At AgeUp, we’re huge fans of not dying. It’s great. So great, in fact, that you might think there’s no downside. Not to be a bunch of Debbie Downers, but if every cloud has a silver lining, then at least some silver linings have clouds. And in this case, the storm cloud hovering over a long, healthy life is the premature death of your retirement savings.
If you’ve ever run out of money before payday, you’ll know it’s a terrible feeling. But imagine running out of money and paydays. That’s called “longevity risk,” and it’s a much bigger problem than most people realize. Let’s say you want to retire at age 65 and plan to make your savings last for 20 years. Life expectancy in the U.S. in 2018 is 79.3 years, so 20 years’ worth of retirement savings should be plenty, right? Not exactly.
Average life expectancy isn’t your life expectancy
The life expectancy of 79.3 years is an average from birth, but some people die young, which lowers the average life expectancy across the board. This might sound obvious, but once you live to a given age, you can’t have died before that age, so the average life expectancy from birth no longer applies to you. If you’ve lived to be age 60, your life expectancy is much longer than 79, and the longer you live, the longer you can expect to live.
For a more accurate picture of how long you should plan for your retirement to last, look at your remaining life expectancy. The Social Security Administration’s life expectancy tables say men born in 2014 can expect to live 76.2 years, and women can expect to live 81 years. But a woman who’s 65 years old in 2014 can expect to live another 20.4 years, which translates to a life expectancy of 85.4. A man who’s 65 has an average remaining life expectancy of 17.8 years, or 82.8. Once you’ve lived to age 80, you can expect to live even longer: 88.2 for men and 89.6 for women.
And these are averages, so about half will live even longer, and some much, much longer. A woman who is 65 today has a 30% chance of living to age 90, and a 20% chance of living to 94 or beyond. The bottom line is that individuals aren’t averages, so you shouldn’t expect to live an average amount of time.
Life expectancy age 60-90
|Age in 2014||Women||Men|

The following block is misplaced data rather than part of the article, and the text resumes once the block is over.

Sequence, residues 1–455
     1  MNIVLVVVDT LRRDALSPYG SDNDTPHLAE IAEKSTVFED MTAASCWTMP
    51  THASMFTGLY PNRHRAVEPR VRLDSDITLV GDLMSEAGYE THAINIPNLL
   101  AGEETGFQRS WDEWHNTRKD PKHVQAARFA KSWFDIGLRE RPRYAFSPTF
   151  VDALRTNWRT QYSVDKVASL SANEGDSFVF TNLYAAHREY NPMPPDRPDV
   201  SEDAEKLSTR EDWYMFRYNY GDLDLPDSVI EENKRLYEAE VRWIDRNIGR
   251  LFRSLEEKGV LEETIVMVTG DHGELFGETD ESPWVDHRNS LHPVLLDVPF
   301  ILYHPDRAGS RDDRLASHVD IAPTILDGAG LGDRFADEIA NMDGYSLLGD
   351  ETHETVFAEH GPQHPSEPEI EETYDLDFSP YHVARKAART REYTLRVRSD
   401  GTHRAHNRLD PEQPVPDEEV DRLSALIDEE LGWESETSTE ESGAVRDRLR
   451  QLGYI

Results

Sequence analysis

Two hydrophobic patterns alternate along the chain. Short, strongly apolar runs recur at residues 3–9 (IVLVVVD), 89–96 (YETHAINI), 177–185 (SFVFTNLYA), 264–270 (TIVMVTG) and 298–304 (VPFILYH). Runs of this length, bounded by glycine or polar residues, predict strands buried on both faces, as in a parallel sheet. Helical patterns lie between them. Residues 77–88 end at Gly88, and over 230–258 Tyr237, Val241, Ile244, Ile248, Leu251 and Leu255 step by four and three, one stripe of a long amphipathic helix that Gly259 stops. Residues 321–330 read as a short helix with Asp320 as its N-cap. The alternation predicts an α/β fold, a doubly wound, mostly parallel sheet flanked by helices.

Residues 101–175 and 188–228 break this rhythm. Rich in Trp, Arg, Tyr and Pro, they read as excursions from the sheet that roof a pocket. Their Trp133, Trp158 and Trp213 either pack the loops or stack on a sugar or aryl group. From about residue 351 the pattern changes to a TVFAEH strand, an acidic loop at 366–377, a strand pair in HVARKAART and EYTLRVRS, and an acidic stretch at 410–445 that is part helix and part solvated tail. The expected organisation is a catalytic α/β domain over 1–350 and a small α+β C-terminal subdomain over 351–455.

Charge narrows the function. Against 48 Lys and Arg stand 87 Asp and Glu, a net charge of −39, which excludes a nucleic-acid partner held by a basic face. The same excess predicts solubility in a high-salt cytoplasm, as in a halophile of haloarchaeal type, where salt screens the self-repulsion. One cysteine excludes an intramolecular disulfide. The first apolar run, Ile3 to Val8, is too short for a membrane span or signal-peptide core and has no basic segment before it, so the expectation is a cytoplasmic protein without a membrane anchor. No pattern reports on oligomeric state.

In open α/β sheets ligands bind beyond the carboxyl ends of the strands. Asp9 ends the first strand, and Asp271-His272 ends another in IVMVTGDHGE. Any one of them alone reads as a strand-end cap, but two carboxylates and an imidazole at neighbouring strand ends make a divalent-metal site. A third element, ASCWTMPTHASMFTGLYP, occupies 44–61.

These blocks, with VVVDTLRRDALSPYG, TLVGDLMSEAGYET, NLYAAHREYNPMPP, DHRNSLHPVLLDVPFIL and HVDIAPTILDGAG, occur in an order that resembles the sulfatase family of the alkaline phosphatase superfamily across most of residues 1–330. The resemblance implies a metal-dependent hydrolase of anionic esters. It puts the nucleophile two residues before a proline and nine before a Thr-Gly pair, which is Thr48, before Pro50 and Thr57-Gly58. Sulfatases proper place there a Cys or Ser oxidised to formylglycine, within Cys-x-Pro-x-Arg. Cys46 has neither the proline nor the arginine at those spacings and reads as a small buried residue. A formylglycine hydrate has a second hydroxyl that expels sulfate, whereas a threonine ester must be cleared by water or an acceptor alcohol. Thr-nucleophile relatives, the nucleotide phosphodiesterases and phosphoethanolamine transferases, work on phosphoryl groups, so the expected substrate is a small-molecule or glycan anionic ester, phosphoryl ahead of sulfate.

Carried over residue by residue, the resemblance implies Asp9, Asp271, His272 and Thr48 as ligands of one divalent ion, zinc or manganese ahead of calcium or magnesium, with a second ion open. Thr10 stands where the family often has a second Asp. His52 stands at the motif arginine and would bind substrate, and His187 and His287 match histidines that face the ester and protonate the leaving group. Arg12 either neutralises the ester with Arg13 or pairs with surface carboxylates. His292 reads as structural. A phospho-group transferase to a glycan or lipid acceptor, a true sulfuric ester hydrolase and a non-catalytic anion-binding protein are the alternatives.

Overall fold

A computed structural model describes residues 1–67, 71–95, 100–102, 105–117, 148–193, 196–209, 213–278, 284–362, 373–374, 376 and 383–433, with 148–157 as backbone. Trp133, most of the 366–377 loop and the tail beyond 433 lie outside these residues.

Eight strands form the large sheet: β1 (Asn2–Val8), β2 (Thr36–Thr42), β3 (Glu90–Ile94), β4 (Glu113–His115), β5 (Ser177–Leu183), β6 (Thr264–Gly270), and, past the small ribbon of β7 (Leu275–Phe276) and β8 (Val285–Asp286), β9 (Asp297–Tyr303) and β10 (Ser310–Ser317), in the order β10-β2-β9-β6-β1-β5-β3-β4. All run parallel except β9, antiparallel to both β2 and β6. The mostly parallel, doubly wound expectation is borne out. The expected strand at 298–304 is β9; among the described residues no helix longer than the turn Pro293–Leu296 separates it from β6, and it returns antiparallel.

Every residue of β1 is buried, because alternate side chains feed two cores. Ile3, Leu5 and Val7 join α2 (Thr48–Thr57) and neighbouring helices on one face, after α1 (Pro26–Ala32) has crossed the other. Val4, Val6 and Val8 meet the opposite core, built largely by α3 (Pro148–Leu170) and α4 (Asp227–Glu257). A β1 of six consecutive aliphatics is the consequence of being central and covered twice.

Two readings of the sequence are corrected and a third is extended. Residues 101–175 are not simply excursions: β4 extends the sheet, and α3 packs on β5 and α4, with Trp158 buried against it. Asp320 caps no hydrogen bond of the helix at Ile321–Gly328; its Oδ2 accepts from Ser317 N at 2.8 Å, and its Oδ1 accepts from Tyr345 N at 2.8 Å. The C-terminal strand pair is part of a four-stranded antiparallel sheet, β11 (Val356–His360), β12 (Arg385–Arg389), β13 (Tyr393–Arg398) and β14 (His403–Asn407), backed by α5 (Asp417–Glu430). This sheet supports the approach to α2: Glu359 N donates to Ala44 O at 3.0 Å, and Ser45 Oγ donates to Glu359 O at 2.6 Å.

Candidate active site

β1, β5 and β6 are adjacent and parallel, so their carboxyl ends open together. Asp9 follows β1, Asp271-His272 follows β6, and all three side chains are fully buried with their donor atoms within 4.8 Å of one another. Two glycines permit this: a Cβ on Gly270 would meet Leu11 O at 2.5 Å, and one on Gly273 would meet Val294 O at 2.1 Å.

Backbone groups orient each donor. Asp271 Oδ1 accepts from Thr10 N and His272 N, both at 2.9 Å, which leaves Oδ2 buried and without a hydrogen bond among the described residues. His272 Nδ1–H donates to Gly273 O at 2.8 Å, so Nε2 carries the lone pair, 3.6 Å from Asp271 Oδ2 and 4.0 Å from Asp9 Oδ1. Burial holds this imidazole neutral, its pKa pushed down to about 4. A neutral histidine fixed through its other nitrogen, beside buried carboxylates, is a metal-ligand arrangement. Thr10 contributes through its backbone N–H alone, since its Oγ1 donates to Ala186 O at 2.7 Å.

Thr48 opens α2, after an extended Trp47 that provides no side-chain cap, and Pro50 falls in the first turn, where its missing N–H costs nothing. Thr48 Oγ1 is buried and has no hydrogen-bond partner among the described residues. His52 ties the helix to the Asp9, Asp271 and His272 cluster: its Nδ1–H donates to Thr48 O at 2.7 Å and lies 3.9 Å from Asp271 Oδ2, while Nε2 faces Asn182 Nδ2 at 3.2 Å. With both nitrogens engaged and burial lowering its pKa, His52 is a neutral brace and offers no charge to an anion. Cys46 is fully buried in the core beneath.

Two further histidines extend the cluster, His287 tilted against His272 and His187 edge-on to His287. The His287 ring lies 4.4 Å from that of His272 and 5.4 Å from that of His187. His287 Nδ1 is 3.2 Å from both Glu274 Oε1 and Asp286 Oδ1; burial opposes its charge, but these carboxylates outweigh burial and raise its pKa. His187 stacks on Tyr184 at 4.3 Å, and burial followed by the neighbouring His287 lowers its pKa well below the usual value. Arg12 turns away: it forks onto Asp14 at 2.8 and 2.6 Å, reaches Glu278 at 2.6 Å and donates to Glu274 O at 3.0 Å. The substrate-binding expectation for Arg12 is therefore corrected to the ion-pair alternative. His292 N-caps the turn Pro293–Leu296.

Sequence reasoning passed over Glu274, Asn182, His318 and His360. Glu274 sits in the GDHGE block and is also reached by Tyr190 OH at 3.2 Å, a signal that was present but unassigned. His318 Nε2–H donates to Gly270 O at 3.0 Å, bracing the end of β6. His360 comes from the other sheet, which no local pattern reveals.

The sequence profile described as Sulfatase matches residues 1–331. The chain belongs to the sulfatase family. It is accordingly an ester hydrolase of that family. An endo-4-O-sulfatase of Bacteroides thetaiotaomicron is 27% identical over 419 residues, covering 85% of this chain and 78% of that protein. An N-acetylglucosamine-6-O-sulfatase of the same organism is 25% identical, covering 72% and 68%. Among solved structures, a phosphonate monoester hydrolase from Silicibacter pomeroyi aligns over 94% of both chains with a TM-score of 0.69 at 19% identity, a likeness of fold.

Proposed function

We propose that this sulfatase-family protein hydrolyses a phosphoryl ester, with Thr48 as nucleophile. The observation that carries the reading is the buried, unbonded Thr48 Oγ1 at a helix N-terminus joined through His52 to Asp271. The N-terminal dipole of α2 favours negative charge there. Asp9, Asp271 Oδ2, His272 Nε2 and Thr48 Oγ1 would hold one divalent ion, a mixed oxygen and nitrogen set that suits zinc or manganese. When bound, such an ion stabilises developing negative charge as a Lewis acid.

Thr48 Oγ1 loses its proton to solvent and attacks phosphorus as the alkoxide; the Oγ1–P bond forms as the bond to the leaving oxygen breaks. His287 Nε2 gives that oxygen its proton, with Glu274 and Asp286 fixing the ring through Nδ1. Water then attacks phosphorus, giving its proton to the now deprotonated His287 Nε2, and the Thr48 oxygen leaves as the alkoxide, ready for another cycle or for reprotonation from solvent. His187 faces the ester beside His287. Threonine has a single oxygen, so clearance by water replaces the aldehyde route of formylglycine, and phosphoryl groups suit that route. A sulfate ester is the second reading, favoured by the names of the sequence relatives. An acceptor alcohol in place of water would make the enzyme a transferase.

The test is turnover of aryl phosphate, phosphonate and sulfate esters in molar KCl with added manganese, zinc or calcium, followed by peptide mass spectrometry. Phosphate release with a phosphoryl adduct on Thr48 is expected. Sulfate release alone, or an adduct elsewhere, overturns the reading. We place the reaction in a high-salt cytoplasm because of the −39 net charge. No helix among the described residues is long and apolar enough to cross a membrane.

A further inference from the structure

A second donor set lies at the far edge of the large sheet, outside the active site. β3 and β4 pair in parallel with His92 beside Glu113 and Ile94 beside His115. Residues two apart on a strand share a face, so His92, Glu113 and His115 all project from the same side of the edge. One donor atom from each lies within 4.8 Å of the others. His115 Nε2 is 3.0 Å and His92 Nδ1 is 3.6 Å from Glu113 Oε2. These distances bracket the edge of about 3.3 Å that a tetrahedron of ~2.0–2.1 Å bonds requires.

If you were to retire at 65 and live to 95, that’s 30 years of retirement, which is nearly the same length as your career. How much money have you made and spent in your working life? How much will you need to pay for prescriptions? For long term care?
There’s also the potential for world-changing medical and technological breakthroughs that may dramatically extend life expectancy. A cure for common cancers or a leap forward in heart disease research could mean millions more people living to 100 and beyond. Autonomous vehicles promise to all but eliminate car accidents, which is another leading cause of death. That’s all great news of course, but it also brings new problems, like…
How long will your money last?
Back when pensions were the norm, the longevity risk burden fell on the government or company. Now that we’re living in a mostly 401(k) (or nothing at all) world, solving the problem of longevity risk is up to individuals and their families.
One common strategy for sustainably drawing down your retirement savings is known as the 4% rule. In a nutshell, the idea is this: in your first year of retirement, you’d withdraw 4% of your retirement savings to cover your cost of living. Every year after that, you’d withdraw the same amount, plus a slight increase to keep pace with inflation.
Let’s say you retire at age 65 with $500,000 in savings. Following the 4% rule, you’d withdraw $20,000 the first year. The following year, you’d withdraw somewhere around $20,400, which is the original $20,000 plus 2% to keep pace with inflation. The next year you’d take out $20,800, and so on for the rest of your life. How long the money will last at this rate depends on how much you adjust your withdrawals to account for inflation and the yearly investment returns from your retirement savings (the standard mix for the 4% rule is 60% bonds and 40% stocks).
The looming savings crisis
The 4% rule works provided there’s not a major downturn in your investments and you have enough saved to live off a 4% withdrawal…but only if you have enough saved. In a 2018 study by the Insured Retirement Institute, 38% of baby boomers had less than $100,000 saved for retirement, and only 25% were confident their savings will last throughout retirement.
You can plan to be frugal, but life has a habit of getting in the way. The average 65-year-old couple retiring in 2019 can expect to spend $285,000 on out-of-pocket healthcare costs alone. And that figure doesn’t include food, rent, or the hundreds of other expenses you’ll encounter in life.
Once you start dipping into savings beyond 4% and drawing down the principal, the duration of your savings drops dramatically. And again, this all assumes you have enough saved to live off of a 4% withdrawal. If you need more to live on than 4% provides, there’s a great chance your retirement fund will go bust before you do.
A new approach to longevity risk
The numbers are alarming, but that doesn’t mean all is lost. At AgeUp, we’re working on a new way to help your parents address the “problem” of living a long, healthy life.